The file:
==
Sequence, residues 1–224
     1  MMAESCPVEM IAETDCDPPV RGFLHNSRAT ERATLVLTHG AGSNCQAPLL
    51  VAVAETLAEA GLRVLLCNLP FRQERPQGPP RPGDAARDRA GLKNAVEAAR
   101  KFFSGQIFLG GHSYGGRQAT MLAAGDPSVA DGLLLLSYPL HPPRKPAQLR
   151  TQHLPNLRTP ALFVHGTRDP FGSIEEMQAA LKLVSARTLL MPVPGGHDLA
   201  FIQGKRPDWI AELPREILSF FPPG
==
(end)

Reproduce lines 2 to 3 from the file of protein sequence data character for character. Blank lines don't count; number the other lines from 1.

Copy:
     1  MMAESCPVEM IAETDCDPPV RGFLHNSRAT ERATLVLTHG AGSNCQAPLL
    51  VAVAETLAEA GLRVLLCNLP FRQERPQGPP RPGDAARDRA GLKNAVEAAR